Seeing those two lawnmowers next to each other is so heartbreaking. I am broken with the loss of my friend, with the heartbreak of my wife and mother-in-law, and the choking thoughts that come when I realize that he won't be sitting at his table, cursing the editorials in the paper, or watching the news in his chair, or in the garage tinking with a tool or painting something for my wife. He's not down at the hardware store or at morning mass - he's gone, and not coming back. I won't ever get to hear him on the other end of the phone, or hug him when he comes throught the door of our house, or hand him baby Grace as he points out her "flaming redhead". I weep most of all for Corin, who will likely never remember his Poppa and the love they had for each other, and how he is robbed of that. Our older son, Gaige, will always have his memories, and little Grace is still an infant. Corin, though, had a relationship with his Poppa, and while he knew enough to hug Poppa's bedside in the hospital room, he'll never remember the bond they shared.

It sucks.

And I know you bore our sorrows, and I know you feel our pain,
And I know it would not hurt any less even if it could be explained
And I know that I am only lashing out
At the One who loves me most
And after I figured this, somehow All I really need to know -

Is if You who live in eternity
Hear the prayers of those of us who live in time
We can't see what's ahead
And we can not get free of what we've left behind
I'm reeling from these voices that keep screaming in my ears
All the words of shame and doubt, blame and regret I can't see how
You're leading me...
unless you've led me here:
Where I'm lost enough to let myself be led.
And so You've been here all along I guess.
It's just Your ways and You are just plain hard to get.


  • I weep at the loss of Jim. We, J and I, can't believe that he's gone. We can't imagine the pain that you all are going through, though having lost my parents know that it's a heart wrenching and gut clenching pain. We lift you all up in our prayers, especially mrs hammer and her mother who will for the next months go through so many grieving emotions. Hug Mrs. Hammer tight and let her cry and let her know it's okay to be angry, it's okay to be unemotional at times, it's okay to be a ball of tears at drop of a hat. We will always remember Jim as a truly awesome man of God who had such a spark.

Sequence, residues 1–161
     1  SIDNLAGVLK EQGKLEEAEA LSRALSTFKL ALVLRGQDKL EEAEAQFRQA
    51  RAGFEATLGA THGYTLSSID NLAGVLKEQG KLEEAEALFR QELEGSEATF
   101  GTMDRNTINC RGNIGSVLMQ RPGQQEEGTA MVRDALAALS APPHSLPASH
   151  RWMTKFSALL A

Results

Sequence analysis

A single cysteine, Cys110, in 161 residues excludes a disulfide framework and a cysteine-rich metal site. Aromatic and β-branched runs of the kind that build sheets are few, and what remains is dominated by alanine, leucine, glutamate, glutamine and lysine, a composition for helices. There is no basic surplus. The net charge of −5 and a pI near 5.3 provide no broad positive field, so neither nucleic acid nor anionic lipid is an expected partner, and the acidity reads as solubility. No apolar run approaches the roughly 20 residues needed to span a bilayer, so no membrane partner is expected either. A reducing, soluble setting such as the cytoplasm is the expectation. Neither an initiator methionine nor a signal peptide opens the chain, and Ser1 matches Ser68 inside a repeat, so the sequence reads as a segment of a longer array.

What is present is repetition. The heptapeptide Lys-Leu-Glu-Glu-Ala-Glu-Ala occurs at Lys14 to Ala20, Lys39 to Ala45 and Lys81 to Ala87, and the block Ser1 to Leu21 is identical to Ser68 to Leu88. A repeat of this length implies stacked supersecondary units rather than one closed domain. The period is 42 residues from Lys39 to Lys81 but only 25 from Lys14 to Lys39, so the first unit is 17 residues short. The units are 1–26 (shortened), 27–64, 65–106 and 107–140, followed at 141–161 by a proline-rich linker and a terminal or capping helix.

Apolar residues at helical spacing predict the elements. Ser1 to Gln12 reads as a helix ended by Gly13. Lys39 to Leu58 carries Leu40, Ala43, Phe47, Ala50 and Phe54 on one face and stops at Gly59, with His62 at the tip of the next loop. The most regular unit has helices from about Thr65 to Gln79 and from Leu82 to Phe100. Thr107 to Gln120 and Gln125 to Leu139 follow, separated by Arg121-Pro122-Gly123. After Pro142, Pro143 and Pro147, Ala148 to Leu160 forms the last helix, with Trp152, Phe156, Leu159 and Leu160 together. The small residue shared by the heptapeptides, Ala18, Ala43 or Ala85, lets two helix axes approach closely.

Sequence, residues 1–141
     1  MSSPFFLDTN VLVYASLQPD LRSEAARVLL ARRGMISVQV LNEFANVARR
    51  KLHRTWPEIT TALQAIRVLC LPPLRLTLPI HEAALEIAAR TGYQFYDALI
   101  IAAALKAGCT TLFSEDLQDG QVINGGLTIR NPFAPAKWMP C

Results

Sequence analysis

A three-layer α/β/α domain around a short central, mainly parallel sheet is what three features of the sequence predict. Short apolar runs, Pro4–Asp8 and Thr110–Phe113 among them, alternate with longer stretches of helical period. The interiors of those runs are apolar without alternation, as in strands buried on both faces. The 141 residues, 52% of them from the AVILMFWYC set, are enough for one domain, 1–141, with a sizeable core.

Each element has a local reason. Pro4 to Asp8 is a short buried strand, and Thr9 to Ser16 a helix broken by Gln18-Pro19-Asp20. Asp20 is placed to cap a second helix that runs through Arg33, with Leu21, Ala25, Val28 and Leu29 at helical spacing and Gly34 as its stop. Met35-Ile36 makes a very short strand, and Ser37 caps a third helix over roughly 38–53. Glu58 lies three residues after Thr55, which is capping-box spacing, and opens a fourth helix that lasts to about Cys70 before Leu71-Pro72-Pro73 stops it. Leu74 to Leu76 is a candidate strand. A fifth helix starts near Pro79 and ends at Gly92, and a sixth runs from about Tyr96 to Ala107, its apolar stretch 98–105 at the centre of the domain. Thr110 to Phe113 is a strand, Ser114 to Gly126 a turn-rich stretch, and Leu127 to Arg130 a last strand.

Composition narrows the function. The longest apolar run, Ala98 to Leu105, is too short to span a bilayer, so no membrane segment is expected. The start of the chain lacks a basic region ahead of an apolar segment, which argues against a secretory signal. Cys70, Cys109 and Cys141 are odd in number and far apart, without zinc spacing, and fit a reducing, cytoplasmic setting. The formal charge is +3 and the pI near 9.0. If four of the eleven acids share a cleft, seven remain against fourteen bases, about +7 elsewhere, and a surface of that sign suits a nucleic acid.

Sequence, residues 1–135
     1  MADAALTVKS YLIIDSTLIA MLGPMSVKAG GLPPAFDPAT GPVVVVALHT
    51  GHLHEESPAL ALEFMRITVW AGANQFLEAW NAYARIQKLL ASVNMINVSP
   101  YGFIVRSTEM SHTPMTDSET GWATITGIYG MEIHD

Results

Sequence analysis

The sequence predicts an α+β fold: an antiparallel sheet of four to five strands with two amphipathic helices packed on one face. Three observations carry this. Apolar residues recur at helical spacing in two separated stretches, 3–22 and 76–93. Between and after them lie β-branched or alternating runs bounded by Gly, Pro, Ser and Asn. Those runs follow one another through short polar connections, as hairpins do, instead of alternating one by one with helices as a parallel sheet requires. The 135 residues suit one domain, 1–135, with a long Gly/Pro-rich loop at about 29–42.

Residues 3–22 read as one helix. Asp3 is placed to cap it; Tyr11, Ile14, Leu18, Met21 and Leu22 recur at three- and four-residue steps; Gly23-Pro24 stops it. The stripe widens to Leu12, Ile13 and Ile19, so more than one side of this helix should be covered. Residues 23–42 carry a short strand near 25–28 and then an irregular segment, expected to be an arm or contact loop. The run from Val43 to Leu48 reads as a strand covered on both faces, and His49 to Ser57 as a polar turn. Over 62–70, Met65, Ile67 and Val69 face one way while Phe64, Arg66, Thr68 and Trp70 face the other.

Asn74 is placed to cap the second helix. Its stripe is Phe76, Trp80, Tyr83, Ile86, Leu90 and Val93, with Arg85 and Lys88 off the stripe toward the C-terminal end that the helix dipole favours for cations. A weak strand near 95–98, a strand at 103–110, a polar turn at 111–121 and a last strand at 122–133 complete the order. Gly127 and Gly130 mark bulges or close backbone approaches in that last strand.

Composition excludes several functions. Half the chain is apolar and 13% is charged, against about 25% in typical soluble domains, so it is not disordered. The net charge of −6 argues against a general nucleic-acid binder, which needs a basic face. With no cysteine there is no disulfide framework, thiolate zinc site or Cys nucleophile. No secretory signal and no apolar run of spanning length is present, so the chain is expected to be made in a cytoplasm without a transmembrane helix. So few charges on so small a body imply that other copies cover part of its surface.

May God surround you with His love.

    By Blogger anna, at 6/08/2005 03:41:00 AM  

  • Hi Hammer,

    I was hoping you were over-reacting with your previous post. I am very, very sorry to hear you weren't.

    My wife and I lost her Mom in January. We knew she was dying, so we had a little time to prepare. Here's a little advice if you are interested. Give Mrs. Hammer plenty of time, and plenty of space to grieve. You probably need some time to grieve, too, but when she is grieving you need to be strong. Make a commitment to not start a fight or continue a fight. I had to learn the hard way.

    You are a good man. I'm sorry for your loss.

    By Blogger David M. Smith, at 6/08/2005 11:20:00 AM  

  • I'm SO sorry Hammer. My dad is very sick right now and I am thinking about the day when I may get that 5am call. Anyway, the Lord gave me a post this morning that He may have meant just for you--maybe that's why he gave me what I call a little jewel. If you feel better, go read it, it's about healing our hurting hearts. I will pray for all of your healing hearts. God Bless!

    By Blogger Teresa, at 6/08/2005 10:40:00 PM  

  • Thank you all for your wonderful words of encouragement, support and advice, as well as your prayers. Your comments are exactly what grieving people need. I'm putting together a post with recommendations for those who know those grieving from a loss - how to help, and how not to.

    Mrs. Hammer and her Mom have it much worse than I, and helping them is therapeutic(sp?) for me as well.

    By Blogger Hammertime, at 6/10/2005 11:30:00 PM  

  • I have a wwe toy site. It pretty much covers wwe toy related stuff. Check it out if you get time :-)

    By Blogger Jim Naka, at 10/09/2005 06:58:00 AM